Laughing All The Way To The Show: Comedy in Chi-town

Norah and I met each other through comedy. I used to love going to see live comedy, but London has killed that, much like it has killed a number of other parts of my spirit. So Norah’s enthusiasm to planning was met more tepidly than it previously would have been. Stand-up was always my comedy format of choice, while her’s was improv. I never got into watching improv. English improv is in the Dark Ages. On with the show.

5B Conservatory Showcase, Second City

The Second City is a multiplex of a venue, with prices to match. Jay was in the showcase and so we went along to show our support. He didn’t really want us there as he didn’t particularly like his class or  the material that was being put forward.

It was fine. I’m not American enough for the political stuff, and it wasn’t universally funny enough for there to be a laugh. Apparently one of the sketches was straight lifted from Andy Samberg (“that guy is such a dick. He steals sketches, he sleeps with ex-girlfriends. I’m glad the class is over.”). There were songs, showcasing the varying degrees of competence the class were as singers.

A lot of people audition for these classes. I wonder who gets rejected.

Why accents? Most of the time in sketches accents are unnecessary. This experience made me reflect on my past life in a sketch group and all the mistakes that we made.

On the El back Norah saw someone that’s in Jay’s improv troupe. “We always have really awkward conversations. He does comedy and magic so we should get along really well but I just can’t make it click. Let’s go say hi.”

Stuck on a train with someone you have struggle making conversation with is less than desirable.

Herold, iO

I showed up drunk and with a date in tow. Norah had friends there, but was still not happy. I apologised. We went in.

Herold is an all girls Harold show.

Having taken some Harold classes and watched a number of Harold shows, I am still none the wiser about what Harold is.

iO is a much nicer place to hang out and watch shows than Second City. The beers are good, as are the fries. I can’t tell the difference between cheese and aioli.

I enjoyed this immensely, though slightly drunk Sophia enjoys most things. There was one bit in particular that had me near crying with laughter.

Prior to inviting himself along, my date told me that he didn’t like improv. “But you’re pretty”. Ick. He said that he liked this, but it wasn’t improv it was sketch so that’s different. He refused to believe that it was improvised: the sign of good improv!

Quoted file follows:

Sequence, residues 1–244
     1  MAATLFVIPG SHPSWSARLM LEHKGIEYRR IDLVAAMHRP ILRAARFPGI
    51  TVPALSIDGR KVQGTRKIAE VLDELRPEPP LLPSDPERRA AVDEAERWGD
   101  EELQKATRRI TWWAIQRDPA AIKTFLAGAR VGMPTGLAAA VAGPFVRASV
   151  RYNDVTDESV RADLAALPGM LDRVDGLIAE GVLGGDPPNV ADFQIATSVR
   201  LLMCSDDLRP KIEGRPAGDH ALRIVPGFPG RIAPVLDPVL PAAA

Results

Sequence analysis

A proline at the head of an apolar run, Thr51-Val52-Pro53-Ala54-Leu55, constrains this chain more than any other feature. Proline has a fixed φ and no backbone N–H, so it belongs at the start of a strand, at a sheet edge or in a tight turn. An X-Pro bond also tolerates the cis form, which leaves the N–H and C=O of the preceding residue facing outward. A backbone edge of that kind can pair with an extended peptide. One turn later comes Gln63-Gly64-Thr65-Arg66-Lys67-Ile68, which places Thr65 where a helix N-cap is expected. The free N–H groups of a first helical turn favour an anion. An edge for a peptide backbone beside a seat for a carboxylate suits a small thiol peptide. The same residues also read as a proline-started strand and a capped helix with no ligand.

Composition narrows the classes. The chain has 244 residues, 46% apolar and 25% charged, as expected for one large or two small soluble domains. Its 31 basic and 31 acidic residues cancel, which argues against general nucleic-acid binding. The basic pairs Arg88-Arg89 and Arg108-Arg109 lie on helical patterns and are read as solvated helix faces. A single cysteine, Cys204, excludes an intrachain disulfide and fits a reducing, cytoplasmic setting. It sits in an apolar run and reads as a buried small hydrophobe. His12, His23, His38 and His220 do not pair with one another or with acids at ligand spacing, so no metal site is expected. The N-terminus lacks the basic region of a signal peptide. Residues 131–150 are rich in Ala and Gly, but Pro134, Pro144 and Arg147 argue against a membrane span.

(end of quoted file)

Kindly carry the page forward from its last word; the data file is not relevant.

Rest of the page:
Blessing, iO

Second show with date in tow, this time Norah’s friends had left so we were an awkwrd threesome. Later that evening, my date messaged me “your friend has romantic inclinations for you, no?” She does not. But I do her!

Susan Messing is a comedy genius. I have no real idea what format Blessing was. There were three of them. It was funny, clever and quite sexual. A friend from Manchester is going to take a class with Susan Messing, which I’m glad about as she sprang to mind while I was watching.

Superhuman, iO

Words can’t convey how much I loved Superhuman.

After Herold and Blessing my comedy love was reawakening, but this threw gasoline all over the simmering fire (I can’t think of the right word) and set that bitch ablaze.

We went to watch it with a guy that Norah liked, but has since changed her mind about. He was textbook adorkable. It opened with My Neck My Back and flowers being thrown (the theme was Spring). All ladies as performers. The scenes were all incredibly strange. Some of them corpsed a few times. But who cares? It was just an incredibly enjoyable – and funny – experience. When performers have chemistry it shines through, ditto when they like each other and like and trust each other when performing, it really is something else. As an audience member you are drawn in, then slapped over the face with a left field action that makes you cackle with glee.

I left feeling exhilarated and like I needed to find some friends.

Oh how I wish I was Superhuman.

Improvised Shakespeare, iO

The show that everyone says you should see.

A fully improvised Shakespeare play surely is impressive, but this was the day after the high of Superhuman and frankly I didn’t enjoy it nearly as much.

We ate macarons that Norah brought after an ex-booty call had fallen ill and said that he wanted macarons.


I’m a mild ingrate and don’t particularly enjoy Shakespeare. Still, this was far more impressive than anything I’ve done in the last eight years (in 2008 I facilitated the birth of some two million oysters).

We were meant to see another show that evening but forgot (I didn’t forget but I was tired and grateful for the rest).

Handsome/Homeless Romantics, Second City

I went to the toilet and missed the first scene by accident. For an amateur group, Handsome were pretty good.

Homeless Romantics were everything that I hate in improv and I could feel myself getting angry as it went on. We went to a bar after the show and they were there, and one guy in particular grated on me even from afar (as per the show). One girl was very good and I feel bad for her that this is the hand that she’s been dealt.

Brett and I griped about the show in the foyer immediately after it finished.

$13 for a 50 minute amateur show is a rip off.

There ended my Chicago comedy platter. A whole range of emotions had been visited. On returning to London I watched some even worse improv, and  the dream lies dormant again.


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